Lake Street Dive: Even though this Brooklyn quartet was launched at the New England Conservatory of Music, it has Minnesota roots, thanks to Minneapolis-bred trumpeter/guitarist Mike Olson suggesting the band moniker because of dive bars on Lake Street in his hometown. With the versatile and compelling Rachael Price on lead vocals, LSD has established itself with a jazzy vintage pop vibe. On last year's "Side Pony," the group aimed for a more polished pop-soul sound, with producer Dave Cobb, the hip force behind Sturgill Simpson, Jason Isbell and Chris Stapleton. There are echoes of the Beatles, Dusty Springfield, Muscle Shoals, Motown and the Beach Boys — and a whole lot of fun. (9 p.m. Fri.-Sat. First Avenue, sold out.)

Tabah: Fresh off an impressive showing at First Ave's Best New Bands of 2016 showcase, this tempestuous young rock quintet lives up to the buzz with its first full-length album, "Symmetry Somewhere." Singer/guitarist Cecelia Erholtz's husky vocals are a little bit PJ Harvey and Stevie Nicks, while her band veers from arty, guitar-noodly, tempo-changing songs reminiscent of Steely Dan and Real Estate to full-volume, frantic rock gems to even a little new wavy pop. It's a lot for a debut, and most of it works very well. J.E. Sunde and Ayvah also perform. (9 p.m. Sat., Turf Club, St. Paul, $10-$12,

Kristin Chenowith: Try as she might, the Broadway star couldn't save the unwieldy, unsatisfying live TV broadcast of "Hairspray" in December. But she can save just about any live show on a proscenium stage. She has a big personality, bravura voice and charming manner that balances her Oklahoma roots and New York resume. She'll be performing with the Minnesota Orchestra. (8 p.m. Sat. Orchestra Hall, Mpls.)

Little Man: Throwback rock powerhouse Chris Perricelli and his band are celebrating the 10th anniversary of their album "Soulful Automatic," which made the top 10 of our Twin Cities Critics Tally that year offering traces of Big Star, T. Rex and the Who. (10 p.m. Sat., 331 Club, free.)

Lisa Loeb: The Gen-X balladeer of "Stay (I Missed You)" fame has another fun kids album out, "Feel What U Feel," featuring "The Office" actors Ed Helms and Craig Robinson as guests. She's playing a family concert under 89.3 the Current's Rock the Cradle banner. (11 a.m. Sun., Fitzgerald Theater, St. Paul, $25, kids $5,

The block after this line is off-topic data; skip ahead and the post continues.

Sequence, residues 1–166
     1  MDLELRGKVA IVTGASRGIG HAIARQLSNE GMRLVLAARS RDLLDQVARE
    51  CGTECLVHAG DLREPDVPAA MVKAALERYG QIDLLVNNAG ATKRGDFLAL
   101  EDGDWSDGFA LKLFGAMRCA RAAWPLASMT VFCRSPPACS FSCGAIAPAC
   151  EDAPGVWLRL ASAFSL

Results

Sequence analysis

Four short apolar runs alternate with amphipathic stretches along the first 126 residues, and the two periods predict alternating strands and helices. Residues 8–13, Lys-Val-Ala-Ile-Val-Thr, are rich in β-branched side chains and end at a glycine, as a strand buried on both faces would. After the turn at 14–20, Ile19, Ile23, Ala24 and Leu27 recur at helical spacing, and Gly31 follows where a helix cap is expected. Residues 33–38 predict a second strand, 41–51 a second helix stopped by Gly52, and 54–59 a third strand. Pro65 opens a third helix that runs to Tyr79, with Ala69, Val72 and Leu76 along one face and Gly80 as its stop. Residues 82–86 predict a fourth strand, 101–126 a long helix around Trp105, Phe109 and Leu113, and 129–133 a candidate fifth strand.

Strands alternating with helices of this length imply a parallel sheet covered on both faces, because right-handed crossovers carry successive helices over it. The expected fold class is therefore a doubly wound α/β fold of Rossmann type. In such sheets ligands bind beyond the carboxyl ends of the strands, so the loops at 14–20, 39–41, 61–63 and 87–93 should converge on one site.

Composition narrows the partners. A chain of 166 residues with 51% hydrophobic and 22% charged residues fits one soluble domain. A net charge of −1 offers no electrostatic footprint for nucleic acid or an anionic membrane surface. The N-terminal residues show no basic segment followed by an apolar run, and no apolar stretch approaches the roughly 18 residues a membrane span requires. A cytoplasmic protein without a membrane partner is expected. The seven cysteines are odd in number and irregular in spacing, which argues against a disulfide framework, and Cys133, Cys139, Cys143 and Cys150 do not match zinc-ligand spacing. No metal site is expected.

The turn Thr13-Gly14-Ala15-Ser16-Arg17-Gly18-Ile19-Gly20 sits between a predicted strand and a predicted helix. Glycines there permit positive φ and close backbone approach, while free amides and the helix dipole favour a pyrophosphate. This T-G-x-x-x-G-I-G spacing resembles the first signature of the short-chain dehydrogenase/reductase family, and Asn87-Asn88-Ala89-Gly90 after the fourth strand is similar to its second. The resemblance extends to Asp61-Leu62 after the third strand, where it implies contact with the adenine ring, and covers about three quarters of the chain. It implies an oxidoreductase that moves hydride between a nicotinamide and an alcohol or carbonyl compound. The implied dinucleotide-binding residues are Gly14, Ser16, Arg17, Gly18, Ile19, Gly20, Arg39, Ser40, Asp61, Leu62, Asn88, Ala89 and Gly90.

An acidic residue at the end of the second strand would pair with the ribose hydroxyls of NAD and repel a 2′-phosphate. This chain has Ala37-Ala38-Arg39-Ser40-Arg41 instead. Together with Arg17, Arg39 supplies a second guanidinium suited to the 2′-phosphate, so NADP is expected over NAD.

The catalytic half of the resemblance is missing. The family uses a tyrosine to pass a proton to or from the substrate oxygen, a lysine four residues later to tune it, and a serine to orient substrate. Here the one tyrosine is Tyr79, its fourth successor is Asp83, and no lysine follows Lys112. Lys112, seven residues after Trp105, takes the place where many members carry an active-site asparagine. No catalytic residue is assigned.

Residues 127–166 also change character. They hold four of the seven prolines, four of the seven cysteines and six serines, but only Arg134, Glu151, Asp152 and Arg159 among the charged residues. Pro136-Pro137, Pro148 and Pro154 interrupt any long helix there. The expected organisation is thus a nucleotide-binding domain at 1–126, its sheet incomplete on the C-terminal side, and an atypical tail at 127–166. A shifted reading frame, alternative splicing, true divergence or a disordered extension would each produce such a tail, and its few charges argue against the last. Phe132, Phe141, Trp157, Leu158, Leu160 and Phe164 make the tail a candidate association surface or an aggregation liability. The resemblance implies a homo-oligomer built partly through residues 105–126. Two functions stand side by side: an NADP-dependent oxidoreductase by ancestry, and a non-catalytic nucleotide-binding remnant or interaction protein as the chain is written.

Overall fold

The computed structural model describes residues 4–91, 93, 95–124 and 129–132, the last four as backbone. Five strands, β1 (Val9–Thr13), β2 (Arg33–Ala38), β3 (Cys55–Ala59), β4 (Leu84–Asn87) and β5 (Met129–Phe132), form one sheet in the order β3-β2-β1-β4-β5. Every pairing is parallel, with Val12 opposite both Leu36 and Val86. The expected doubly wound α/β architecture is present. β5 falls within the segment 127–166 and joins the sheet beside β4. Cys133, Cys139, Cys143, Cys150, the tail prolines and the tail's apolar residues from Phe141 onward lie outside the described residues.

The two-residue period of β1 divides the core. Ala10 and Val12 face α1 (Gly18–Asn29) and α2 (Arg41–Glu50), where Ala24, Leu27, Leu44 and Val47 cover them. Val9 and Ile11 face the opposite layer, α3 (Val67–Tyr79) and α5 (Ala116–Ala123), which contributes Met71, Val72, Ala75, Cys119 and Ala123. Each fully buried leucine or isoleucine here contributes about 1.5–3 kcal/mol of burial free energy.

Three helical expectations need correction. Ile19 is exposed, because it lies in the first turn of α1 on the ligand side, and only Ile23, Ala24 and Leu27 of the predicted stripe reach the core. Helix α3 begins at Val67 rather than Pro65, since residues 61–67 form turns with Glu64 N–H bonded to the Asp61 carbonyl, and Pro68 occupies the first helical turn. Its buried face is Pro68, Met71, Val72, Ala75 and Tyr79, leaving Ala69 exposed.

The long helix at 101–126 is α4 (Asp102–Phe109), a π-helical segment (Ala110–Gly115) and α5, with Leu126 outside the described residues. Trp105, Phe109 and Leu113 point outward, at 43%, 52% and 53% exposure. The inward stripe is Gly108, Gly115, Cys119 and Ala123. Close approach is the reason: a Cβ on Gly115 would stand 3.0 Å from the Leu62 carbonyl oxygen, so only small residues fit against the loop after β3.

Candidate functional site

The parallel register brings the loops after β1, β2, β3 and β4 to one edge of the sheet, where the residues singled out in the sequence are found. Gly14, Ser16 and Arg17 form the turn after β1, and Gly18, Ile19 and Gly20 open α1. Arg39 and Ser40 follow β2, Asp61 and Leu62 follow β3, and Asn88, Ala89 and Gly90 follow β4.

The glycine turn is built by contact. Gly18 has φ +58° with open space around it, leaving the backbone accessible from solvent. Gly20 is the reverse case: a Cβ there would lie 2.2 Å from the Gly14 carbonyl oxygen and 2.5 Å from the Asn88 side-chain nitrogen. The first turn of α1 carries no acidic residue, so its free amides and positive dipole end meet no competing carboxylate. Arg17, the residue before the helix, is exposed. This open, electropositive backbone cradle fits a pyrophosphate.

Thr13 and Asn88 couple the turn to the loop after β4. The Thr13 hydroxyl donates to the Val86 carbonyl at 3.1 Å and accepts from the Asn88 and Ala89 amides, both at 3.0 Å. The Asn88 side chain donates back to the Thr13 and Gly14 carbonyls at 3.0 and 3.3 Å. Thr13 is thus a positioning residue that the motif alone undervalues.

Jelloslave: Jacqueline Ultan and Michelle Kinney's classically tinged cello-rock ensemble should be a terrific fit in the picturesque conservatory's "Under the Glass" series. (4:30 p.m. Sun., Como Conservatory, St. Paul, free.)

Tom Paxton: Although he's officially semi-retired, this 79-year-old folk stalwart still releases albums (January's "Boat in the Water" is his 62nd disc) and plays the occasional concert. He's known for his classics "The Last Thing on My Mind" and "Bottle of Wine," but his topical songs such as "The Ballad of Spiro Agnew" and "I Am Changing My Name to Fannie Mae" have been crowd pleasers over the years. Wonder if he has a new one or two. (7:30 p.m. Mon. Cedar Cultural Center, Mpls., $30-$35. )

Black Joe Lewis & the Honeybears: A band you can dance or head-bang to depending on your preference, these Texans continue to sharpen their hard-boogying, horn-driven brand of punky and funky blues-rock on their latest record, "Backlash," laced with sexual and political tension. (8 p.m. Mon., First Avenue, $17-$20.)

Lissie: The Midwestern eclectic brings her big voice to a small Minneapolis club, on her Spring Fling Residency on a Tuesday night in March, April, May and June. (7 p.m. Tue. Icehouse, Mpls., $35.)

JoJo: Ten years passed between albums for this "America's Most Talented Kids"-launched child star. At age 13, in 2004, she had a smash single, "Leave (Get Out)." Now, after movie roles and legal battles with record labels, the pop/soul songbird returned last fall with the album "Mad Love." (8 p.m. Tue. Fine Line, sold out.)

Har Mar Superstar: Here's a good chance to catch our big-voiced, globe-trotting R&B rocker in an intimate venue at home for a good cause, a medical benefit for friend Libby Johnson with opening sets by Ripper and In Corridor. (9 p.m. Wed., Hook & Ladder, Mpls., $20,

Patti Smith: The year 1975 was one of the best ever for rock albums. "Blood on the Tracks," "Born to Run," "Tonight's the Night," "Physical Graffitti," "A Night at the Opera," "Atlantic Crossing," "Captain Fantastic and the Brown Dirt Cowboy," "Young Americans," to name a few. One that rises to the top is punk poet Smith's "Horses," a perfect combination of art and attitude, poetry and passion. She'll play the album in its entirety plus some other standouts from her Rock and Roll Hall of Fame career. (8 p.m. Wed. Northrop, Mpls., $40-$55,